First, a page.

I had the pleasure of speaking to a group of cyclists last night at Cynergy Cycles in Santa Monica. It’s the kind of talk I do whenever asked, because I get to cover the three things near and dear to my heart:
- Daytime lights, front and rear, run all the time.
- Underinsured/Uninsured motorist coverage. Max it out!
- What to do if you’re hit by a car (and still conscious).
Over the last five years or so there has been a dramatic increase in the number of people who ride with daytime lights in the South Bay. On the rides I regularly attend, which include the Donut, the Flog, NPR, and Telo, many cyclists are lit up, and with powerful lights to boot.
It is purely anecdotal, but as these local rides and local riders become more and more accustomed to riding with daytime lights, the number of my friends hit by cars has fallen dramatically. In fact, one of the few recent cases in which a South Bay rider I know personally was hit, the rider was one of those guys who has always been too cool to ride with daytime lights. He got clocked on a busy weekend day and suffered severe injuries.
It’s funny how pride, coolness, and being a weight weenie (not to mention a cheapskate) suck so many cyclists into the death trap of riding without daytime lights. These are often the same people who don’t practice lane control and who dwell in the gutter/door zone.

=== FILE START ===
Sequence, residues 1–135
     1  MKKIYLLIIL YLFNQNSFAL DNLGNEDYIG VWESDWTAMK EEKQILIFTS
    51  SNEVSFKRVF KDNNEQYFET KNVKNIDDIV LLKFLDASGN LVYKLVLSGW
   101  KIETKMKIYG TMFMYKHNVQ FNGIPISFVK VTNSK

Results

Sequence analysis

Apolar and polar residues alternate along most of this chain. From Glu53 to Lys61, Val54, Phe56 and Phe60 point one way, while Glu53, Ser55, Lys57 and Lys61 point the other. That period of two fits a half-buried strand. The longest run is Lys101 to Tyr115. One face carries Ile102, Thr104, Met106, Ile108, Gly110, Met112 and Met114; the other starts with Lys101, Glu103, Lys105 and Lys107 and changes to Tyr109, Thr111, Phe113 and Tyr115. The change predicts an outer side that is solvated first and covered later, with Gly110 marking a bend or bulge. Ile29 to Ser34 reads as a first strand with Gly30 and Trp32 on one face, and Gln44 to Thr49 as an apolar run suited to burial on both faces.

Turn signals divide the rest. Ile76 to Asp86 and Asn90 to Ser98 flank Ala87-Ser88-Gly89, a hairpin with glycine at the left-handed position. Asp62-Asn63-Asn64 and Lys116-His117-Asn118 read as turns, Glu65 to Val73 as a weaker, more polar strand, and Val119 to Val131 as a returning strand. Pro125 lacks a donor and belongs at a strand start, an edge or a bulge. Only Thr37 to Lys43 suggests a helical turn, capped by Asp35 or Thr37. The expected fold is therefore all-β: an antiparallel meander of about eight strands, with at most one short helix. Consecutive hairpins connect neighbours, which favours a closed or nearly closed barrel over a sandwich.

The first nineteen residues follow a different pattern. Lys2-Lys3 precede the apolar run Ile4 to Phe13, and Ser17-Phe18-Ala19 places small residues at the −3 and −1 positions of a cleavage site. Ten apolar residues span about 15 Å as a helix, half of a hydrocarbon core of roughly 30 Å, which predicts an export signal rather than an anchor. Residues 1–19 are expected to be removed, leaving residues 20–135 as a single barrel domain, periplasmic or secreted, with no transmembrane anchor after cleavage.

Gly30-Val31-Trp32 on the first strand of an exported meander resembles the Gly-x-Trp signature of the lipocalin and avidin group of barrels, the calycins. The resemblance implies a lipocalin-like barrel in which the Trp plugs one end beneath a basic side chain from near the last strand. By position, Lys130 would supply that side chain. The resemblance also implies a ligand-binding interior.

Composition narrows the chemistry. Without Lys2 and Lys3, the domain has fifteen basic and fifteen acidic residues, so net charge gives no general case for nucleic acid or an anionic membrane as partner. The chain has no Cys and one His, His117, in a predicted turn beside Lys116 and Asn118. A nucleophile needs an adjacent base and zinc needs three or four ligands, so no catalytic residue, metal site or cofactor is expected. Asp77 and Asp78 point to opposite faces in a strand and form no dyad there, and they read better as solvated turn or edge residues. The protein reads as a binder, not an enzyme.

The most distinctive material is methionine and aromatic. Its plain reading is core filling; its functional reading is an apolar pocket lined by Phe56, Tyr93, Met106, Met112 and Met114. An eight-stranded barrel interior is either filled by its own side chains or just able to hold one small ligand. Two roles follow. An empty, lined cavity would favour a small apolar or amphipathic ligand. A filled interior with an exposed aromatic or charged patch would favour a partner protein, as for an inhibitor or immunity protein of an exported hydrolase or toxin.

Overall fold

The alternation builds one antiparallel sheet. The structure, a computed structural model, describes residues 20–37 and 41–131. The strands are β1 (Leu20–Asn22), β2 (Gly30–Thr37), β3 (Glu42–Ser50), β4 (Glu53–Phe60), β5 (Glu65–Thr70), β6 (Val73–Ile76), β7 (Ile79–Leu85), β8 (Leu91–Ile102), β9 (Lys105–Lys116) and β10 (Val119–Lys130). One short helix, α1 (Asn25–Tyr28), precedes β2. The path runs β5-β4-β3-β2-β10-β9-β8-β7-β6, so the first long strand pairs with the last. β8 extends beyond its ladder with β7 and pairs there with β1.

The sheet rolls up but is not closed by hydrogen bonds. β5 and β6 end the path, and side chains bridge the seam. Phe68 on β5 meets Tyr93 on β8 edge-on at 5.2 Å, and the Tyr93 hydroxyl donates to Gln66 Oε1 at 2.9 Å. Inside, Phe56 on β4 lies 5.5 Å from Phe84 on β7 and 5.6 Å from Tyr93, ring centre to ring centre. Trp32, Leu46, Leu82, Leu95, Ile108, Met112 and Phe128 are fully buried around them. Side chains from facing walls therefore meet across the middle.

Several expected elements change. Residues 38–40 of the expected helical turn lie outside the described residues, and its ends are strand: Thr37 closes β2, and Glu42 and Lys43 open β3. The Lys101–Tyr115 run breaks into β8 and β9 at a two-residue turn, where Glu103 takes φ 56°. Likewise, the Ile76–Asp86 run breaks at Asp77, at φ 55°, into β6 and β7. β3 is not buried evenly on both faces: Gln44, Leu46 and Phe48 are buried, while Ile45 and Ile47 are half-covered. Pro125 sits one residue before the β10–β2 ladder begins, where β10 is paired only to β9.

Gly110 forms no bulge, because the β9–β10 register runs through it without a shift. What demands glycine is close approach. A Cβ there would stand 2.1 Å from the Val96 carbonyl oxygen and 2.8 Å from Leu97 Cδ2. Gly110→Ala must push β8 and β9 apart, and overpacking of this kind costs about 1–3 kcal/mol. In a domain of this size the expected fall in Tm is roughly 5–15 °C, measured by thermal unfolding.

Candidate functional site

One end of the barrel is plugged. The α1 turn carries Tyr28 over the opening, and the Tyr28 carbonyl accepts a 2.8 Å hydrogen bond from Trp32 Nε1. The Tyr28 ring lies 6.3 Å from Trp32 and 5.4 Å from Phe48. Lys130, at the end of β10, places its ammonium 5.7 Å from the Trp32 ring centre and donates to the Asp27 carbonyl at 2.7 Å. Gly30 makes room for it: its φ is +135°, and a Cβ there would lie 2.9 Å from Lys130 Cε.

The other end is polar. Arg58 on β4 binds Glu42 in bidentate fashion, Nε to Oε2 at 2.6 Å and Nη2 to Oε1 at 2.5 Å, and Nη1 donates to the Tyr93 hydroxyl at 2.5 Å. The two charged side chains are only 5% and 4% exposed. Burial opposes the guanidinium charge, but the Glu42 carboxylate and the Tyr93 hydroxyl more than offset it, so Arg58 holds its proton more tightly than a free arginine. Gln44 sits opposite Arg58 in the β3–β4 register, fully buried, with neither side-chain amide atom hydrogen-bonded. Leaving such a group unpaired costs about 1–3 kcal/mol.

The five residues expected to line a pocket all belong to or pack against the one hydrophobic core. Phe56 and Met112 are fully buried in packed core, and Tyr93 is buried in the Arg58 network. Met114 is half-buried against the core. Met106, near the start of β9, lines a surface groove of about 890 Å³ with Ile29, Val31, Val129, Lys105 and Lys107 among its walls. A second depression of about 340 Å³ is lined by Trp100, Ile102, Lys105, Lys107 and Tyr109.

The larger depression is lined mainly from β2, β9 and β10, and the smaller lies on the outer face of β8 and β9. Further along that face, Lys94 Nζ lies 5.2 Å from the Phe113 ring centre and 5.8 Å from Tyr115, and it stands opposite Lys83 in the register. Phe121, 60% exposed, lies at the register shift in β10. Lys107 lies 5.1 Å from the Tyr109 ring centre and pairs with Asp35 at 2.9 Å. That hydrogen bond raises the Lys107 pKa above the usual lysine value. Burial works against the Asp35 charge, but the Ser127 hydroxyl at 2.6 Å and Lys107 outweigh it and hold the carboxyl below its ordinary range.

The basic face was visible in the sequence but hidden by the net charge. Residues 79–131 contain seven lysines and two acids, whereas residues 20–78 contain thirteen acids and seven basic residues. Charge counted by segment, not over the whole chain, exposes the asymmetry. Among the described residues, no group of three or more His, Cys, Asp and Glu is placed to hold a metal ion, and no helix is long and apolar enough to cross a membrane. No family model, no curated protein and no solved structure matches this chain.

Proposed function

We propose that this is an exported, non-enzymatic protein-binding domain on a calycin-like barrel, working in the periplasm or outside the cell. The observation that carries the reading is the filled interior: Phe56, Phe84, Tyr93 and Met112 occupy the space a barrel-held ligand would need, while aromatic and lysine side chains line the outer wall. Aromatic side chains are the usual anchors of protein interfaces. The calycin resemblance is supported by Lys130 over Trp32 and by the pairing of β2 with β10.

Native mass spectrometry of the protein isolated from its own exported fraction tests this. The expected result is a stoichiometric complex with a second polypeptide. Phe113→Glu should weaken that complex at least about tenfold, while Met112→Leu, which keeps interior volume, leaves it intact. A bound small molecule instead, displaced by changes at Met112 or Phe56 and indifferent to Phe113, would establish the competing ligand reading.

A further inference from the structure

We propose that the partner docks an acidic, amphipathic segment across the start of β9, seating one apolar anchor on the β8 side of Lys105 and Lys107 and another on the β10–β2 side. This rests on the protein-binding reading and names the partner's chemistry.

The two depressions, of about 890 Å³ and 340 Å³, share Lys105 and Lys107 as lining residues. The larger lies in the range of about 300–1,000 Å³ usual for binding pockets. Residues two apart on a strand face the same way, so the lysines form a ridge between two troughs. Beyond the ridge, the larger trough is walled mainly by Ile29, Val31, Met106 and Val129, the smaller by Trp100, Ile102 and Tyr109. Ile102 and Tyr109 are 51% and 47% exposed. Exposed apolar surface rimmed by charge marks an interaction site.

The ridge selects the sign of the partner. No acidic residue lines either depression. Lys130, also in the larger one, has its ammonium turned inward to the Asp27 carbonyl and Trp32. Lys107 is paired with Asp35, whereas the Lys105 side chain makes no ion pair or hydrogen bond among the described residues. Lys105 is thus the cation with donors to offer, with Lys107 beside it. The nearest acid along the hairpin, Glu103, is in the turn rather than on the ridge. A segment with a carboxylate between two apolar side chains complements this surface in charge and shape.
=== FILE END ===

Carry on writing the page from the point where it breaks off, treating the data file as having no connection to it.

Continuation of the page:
In any case, I attribute the decrease in car-bike collisions among people I ride with to the continual messaging here and on the bike: Get daytime lights, and make sure they’re bright. Drivers may not like you, but they don’t want to hit you. They really don’t. They’re simply scapegoating you for their own inattentiveness. Here’s how it works.
- Driver is distracted.
- Driver sees you at the last minute because you are inconspicuous.
- Driver takes emergency evasive action, sometimes hitting you, sometimes not.
- Driver is scared shitless that he almost hit you/actually hit you.
- Driver blames you for his bad behavior.
With daytime lights, here’s how it works:
- Driver is distracted.
- Driver sees you way in advance.
- Driver avoids you.
- Driver honks/flips you off, but never comes close to hitting you.
- Driver continues on, leaving you in peace and intact.
Light yourself up. Really. Do.
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